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Celebrate National Poetry Month At-Home With Playful Activities

You’re a Poet, Don’t You Know It!

National Poetry Month At Home Play Tips

Staying safe at home is a perfect setting for celebrating April as National Poetry Month!

Reading and writing poetry can promote children’s social-emotional development, and listening to rhymes can contribute to their literacy skills! Poetry is also a way to unify people, and helpful in defining and expressing your feelings and identity.

Here are some ways you can bring poetry into your life this month:

1. Compose Together! One Word at a Time Have you ever played with refrigerator magnet words? Even if you don’t have them at home, this site lets you create as many refrigerator magnet poems as you want! Reading and writing poetry is a great tool for young learners, and helps them become strong readers! Free from the stricter rules of prose writing, poetry allows children to utilize their imaginations and creatively express their emotions. Share your creations with us!

2. Find Your Inspiration! Take a Closer Look at the Poets: Behind the Words. Many poets used their art as a way to address things that were important to them. How would you like to try it? Hear about some of our favorite poets and their styles, then try your hand at composing a poem of your own! We hope you will then share your creation with us!

Highlighted poets:

· Emily Dickinson

· Edgar Allan Poe

· Walt Whitman

· Robert Frost

3. Join a Port Discovery Friend for a Fun Poetry Reading Watch an old friend reading their favorite poem! Activity suggestion: make your own puppet out of an old sock, paper bag, or other materials you have around your home. Then record your puppet reading your favorite poem (or even better, one that you composed yourself) and share it with us!  (Hatter) reading Lewis Carroll’s, The Walrus and the Carpenter poem (public domain) — (point person and performer: Derek)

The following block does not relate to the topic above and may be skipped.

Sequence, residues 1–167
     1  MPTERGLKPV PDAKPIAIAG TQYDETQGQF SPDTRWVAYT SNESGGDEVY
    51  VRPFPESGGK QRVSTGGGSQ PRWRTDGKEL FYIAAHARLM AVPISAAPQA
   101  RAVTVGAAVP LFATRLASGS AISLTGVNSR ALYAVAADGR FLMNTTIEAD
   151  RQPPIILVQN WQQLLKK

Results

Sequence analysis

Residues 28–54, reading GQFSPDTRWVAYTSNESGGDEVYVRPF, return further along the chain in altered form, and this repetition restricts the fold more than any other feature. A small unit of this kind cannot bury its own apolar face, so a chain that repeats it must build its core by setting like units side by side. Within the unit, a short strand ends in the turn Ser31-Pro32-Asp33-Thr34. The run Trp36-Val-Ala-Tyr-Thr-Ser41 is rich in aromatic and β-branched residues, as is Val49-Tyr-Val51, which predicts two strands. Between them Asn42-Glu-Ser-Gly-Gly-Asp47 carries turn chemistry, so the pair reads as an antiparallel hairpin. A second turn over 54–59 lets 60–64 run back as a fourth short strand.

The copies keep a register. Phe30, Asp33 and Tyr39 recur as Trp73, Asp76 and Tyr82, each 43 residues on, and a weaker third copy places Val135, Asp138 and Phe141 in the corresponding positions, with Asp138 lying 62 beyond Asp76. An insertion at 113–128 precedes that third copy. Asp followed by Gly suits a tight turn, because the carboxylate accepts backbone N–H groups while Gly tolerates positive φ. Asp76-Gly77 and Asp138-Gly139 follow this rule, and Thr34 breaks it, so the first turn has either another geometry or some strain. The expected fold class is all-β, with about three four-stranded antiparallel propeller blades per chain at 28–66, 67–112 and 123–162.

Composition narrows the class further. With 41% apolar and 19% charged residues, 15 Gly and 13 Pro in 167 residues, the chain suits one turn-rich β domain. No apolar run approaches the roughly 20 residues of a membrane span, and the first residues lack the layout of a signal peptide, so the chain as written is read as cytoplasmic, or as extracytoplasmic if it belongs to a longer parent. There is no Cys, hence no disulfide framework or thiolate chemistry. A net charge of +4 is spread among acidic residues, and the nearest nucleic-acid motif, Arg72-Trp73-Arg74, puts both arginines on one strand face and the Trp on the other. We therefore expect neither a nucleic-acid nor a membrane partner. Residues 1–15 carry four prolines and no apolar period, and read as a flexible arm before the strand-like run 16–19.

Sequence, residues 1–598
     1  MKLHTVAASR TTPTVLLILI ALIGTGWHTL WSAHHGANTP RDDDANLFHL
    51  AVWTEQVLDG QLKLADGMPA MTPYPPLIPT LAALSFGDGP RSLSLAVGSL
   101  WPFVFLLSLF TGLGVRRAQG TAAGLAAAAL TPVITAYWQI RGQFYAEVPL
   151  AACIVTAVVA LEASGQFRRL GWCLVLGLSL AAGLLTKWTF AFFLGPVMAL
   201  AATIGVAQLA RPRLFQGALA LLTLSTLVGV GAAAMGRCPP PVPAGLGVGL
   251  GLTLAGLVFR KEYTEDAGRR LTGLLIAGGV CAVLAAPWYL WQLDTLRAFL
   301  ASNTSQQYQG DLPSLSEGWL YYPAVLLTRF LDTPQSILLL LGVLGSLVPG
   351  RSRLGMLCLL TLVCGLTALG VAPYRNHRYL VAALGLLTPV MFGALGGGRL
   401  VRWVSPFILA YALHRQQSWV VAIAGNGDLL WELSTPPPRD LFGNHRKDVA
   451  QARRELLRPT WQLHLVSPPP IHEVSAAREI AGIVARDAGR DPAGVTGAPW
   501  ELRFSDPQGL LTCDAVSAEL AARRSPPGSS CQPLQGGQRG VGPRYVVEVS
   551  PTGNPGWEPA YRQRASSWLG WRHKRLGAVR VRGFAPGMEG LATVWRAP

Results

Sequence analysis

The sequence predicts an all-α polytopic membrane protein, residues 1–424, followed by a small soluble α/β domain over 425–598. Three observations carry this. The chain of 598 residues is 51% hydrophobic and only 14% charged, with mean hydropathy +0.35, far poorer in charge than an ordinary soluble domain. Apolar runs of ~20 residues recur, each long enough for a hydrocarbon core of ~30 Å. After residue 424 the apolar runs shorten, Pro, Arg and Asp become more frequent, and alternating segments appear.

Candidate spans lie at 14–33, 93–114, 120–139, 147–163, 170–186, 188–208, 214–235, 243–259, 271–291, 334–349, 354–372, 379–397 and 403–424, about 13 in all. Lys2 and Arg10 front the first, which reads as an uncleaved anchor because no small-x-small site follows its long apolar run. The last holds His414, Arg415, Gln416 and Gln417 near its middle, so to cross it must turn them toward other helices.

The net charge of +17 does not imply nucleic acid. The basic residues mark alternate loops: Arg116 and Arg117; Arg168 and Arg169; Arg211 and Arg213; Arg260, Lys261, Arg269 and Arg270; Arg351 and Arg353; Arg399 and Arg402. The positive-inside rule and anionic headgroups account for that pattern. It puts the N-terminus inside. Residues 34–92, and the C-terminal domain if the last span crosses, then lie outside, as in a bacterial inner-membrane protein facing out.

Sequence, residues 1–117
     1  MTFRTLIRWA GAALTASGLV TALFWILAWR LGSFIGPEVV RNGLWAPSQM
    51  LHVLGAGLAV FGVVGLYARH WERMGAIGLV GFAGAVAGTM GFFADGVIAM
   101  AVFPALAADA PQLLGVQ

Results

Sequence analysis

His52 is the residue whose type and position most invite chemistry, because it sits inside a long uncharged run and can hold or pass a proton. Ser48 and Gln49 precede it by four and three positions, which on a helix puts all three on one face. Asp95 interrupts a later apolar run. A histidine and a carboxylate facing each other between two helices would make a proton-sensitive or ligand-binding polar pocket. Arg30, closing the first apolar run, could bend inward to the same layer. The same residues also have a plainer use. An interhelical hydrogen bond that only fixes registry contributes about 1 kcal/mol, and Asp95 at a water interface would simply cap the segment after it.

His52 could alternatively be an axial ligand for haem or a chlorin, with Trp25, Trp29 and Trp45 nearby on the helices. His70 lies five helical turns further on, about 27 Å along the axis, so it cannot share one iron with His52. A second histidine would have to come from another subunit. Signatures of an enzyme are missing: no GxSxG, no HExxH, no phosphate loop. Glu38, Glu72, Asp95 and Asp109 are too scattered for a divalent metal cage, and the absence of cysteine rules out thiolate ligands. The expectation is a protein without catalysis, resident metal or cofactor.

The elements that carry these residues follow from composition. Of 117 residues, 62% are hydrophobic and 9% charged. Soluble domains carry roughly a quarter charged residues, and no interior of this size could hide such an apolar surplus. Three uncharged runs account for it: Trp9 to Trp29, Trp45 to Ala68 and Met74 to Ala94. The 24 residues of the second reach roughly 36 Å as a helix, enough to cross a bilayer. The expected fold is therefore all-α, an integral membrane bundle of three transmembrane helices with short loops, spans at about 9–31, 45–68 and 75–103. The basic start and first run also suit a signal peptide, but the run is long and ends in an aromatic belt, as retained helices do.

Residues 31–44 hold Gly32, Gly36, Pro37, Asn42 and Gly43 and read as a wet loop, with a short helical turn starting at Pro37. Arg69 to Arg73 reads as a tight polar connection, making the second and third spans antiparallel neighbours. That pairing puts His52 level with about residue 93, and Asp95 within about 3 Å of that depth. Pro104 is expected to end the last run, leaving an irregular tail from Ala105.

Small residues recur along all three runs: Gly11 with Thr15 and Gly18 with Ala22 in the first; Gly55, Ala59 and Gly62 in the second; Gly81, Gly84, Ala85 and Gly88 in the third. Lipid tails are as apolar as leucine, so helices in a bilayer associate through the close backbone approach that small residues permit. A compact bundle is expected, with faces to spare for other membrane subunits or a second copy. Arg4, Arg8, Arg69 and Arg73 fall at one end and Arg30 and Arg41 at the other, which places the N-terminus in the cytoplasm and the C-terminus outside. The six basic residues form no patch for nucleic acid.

4. Read Together! Child-friendly Poetry Books There are many poetry books out there that you can read with your child, and we have compiled a list of some to help get you started!

Activity ideas:

  • After reading a poem, draw a picture of how it made you feel
  • Choose a poem you really like and read it to the rhythm of a slow hand clap

List of books:

  • A Child’s Calendar – John Updike
  • A Foot in the Mouth: Poems to Speak, Sing, and Shout—Paul B. Janeczko
  • A Light in the Attic - Shel Silverstein
  • Bravo! Poems about Amazing Hispanics—Margarita Engle (biographical poems)
  • Dark Emperor and Other Poems of the Night – Rick Allen
  • Edgar Allan Poe’s Pie: Math Puzzlers in Classic Poems—J. Patrick Lewis (for 6-9 years old)
  • Every Thing On It - Shel Silverstein
  • Falling Up - Shel Silverstein
  • Father Goose: His Book – L. Frank Baum 
  • Firefly July: A Year of Very Short Poems—Paul B. Janeczko (for 5-9 years old)
  • Haiku Baby—Betsy E. Snyder (for birth to age 2)
  • Hip Hop Speaks to Children: A Celebration of Poetry with a Beat—Nikki Giovanni (this book is in the museum’s collection; book includes a CD of the poems being performed by celebrities)
  • I Think, I Feel, I Am: A Book of Children’s Poems—Elaine Blum
  • If I Were in Charge of the World and Other Worries—Judith Viorst (author of “Alexander & The Terrible, Horrible, No Good, Very Bad Day”)
  • Laughing Tomatoes and Other Spring Poems—Francisco X. Alarcon (award winning poet. This was his first book and it won several awards. Bilingual; for 6-12)
  • Little Poems for Tiny Ears—Lin Oliver (for birth to age 3)
  • My Village: Rhymes from Around the World—collected by Danielle Wright (English translation, poem in original language and country of origin)
  • Now We Are Six – A. A. Milne
  • Poetry for Kids: William Shakespeare—edited by Dr. Marguerite Tassi (illustrated book with Shakespeare’s verses, sonnets, and speeches)
  • Poetry for Young People: African American Poetry—edited by Arnold Rampersad & Marcellus Blount (collection of poems from Langston Hughes, Gwendolyn Brooks, James Baldwin, Lucille Clifton, etc. For kids 8 and up)
  • Red Sings from Treetops: A Year in Colors – Joyce Sidman
  • Song of the Water Boatman and Other Pond Poems – Joyce Sidman
  • The 20th Century Children’s Poetry Treasury—selected by Jack Prelutsky (211 poems from 137 poets of the 1900’s)
  • The Neighborhood Mother Goose—Nina Crews (this book is in the museum’s collection, Mother Goose rhymes combined with photos of city neighborhoods—modern format)
  • The Swing—Robert Louis Stevenson, illustrated by Julie Morstad (for 1-3 years old)This Same Sky: A Collection of Poems from Around the World—selected by Naomi Shihab Nye
  • When We Were Very Young – A. A. Milne
  • Where the Sidewalk Ends - Shel Silverstein



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